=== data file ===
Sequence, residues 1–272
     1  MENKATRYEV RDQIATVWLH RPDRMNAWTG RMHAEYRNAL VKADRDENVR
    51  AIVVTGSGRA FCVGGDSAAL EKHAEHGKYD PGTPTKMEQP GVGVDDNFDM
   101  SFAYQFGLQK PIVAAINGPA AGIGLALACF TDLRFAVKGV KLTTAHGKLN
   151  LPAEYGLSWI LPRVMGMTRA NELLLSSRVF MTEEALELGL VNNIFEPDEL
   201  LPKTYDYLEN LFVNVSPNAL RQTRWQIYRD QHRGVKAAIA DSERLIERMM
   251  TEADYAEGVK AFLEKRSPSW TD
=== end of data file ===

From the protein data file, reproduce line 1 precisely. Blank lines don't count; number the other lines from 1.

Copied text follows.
Sequence, residues 1–272